The Co-op Group has announced a multi-million pound plan to accelerate the roll-out of its academy schools programme, with the ambition to more than treble the number of academies it sponsors to 40 in the next three years.
The Group is already the UK’s largest corporate sponsor of academies, opening three in the last year to take its current total to 12 – five primary and seven secondary. Its existing strategy is to take over “predominantly weak schools in economically challenged communities in the North, putting in place ambitious turnaround plans”.
The 12 Co-op Academies have almost 10,000 students and employ more than 1,000 teachers and support staff. Under the new plan, that is expected to grow to more than 40,000 students and 4,000 staff.
In an announcement release alongside this year’s annual results, the Group says it is putting a further £3.6m into the Co-op Academies Trust to kick-start the next growth phase. This reflects the number of schools wishing to join the programme, which is backed by the Department for Education (DfE). The Trust’s backing will complement DfE funding for the schools.
“The Trust has demonstrated that co-operative values and principles, strong governance and the ability to leverage the resources of the Co-op in areas such as brand, communications, HR, property, insurance and IT, can have a dramatic impact on school improvement,” the Group adds.
“Co-op colleagues also serve as school governors and provide mentoring and careers advice along with work placement support. A step change increase in the number of Trust academies will improve efficiency, provide better value for money, increase the scale and variety of school improvement services and enhance effectiveness for existing academies.”
It says this will help tackle the north-south educational divide – a week after a report by children’s commissioner Anne Longfield found that children from poorer homes in northern England face an education gap that starts before school and widens over time.
The Group opened its first academy in 2010 in Manchester, followed soon after by schools in Stoke-on-Trent and Leeds, and says the scheme has brought improved results, good attendance and impressive Ofsted inspections.
It says its sponsorship allows its academies to take advantage of expertise in the business and close ties in terms of work experience programmes. The academies provide students with vocational opportunities and seven apprentices were recently recruited to Co-op Insurance. It is estimated that 250-300 candidates will join the Co-op by 2022.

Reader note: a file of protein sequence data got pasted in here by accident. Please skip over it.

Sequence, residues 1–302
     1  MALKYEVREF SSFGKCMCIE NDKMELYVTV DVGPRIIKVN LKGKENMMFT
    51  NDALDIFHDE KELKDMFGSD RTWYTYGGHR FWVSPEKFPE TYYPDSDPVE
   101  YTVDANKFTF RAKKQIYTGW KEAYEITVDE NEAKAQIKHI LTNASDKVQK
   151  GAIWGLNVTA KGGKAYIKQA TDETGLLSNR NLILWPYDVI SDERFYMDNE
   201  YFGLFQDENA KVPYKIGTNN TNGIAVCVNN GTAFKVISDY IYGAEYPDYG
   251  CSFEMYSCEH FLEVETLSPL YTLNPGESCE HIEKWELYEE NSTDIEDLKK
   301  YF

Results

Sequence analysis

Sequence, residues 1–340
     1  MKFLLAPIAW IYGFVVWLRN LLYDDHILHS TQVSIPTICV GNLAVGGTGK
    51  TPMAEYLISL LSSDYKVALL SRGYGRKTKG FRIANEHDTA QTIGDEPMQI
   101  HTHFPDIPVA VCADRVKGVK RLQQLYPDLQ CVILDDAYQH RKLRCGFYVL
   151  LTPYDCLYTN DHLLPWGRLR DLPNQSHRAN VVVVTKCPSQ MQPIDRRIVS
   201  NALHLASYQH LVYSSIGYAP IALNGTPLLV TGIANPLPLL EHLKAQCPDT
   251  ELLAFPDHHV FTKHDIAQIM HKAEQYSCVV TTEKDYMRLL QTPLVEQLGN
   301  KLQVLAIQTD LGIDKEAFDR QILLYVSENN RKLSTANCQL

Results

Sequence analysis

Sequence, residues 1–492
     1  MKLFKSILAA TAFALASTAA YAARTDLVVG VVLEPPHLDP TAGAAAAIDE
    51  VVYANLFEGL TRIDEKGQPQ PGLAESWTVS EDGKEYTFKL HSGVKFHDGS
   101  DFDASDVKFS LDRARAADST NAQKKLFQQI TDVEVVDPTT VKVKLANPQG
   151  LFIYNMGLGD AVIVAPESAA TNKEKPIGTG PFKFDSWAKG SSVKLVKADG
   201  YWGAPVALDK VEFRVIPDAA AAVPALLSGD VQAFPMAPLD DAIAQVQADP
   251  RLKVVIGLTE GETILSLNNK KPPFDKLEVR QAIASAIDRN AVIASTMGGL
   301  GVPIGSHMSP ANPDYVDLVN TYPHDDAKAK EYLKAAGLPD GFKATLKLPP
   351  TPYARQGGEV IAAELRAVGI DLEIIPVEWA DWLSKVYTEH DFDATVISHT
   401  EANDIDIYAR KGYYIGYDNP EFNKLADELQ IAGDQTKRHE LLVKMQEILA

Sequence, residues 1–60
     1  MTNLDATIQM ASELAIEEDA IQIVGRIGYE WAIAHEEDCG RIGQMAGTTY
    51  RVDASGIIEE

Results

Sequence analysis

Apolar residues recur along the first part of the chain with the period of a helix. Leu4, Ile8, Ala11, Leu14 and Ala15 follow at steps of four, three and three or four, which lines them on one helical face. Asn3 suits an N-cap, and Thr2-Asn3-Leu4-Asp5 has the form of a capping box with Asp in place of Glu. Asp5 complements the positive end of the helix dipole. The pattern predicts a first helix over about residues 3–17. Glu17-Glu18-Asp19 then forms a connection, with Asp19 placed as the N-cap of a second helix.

The Trust has been one of the highest performing multi-academy trusts in the north in the Government’s Multi-Academy Trust League Table and has been recognised by the Sutton Trust Charity as one of the top performing multi-academy trusts for disadvantaged students.
The work with Academies is part of the Co-op’s new Stronger Co-ops, Stronger Communities plan to create the Co-op of the future, launched alongside the Group’s annual results.
Steve Murrells, Co-op Group CEO, said: “Through a great education, Co-op Academies are changing the lives of thousands of young people. Our approach to education is built on the same principles as all co-operatives across the world – working to empower teachers and young people to work together for a better education and a better community.
“We have established a great track record of turning round schools. We also improve employability thanks to a holistic approach at a time when education and work practices are changing radically. We see a golden thread running from our academies, through work experience programmes and our apprenticeship schemes.”
Frank Norris, CEO of Co-op Academies Trust, said: “Our trust has benefited greatly from the support and encouragement of the Co-op as our sponsor. We have an impressive story of improvement for academies in some of the most challenging circumstances in the north of England.”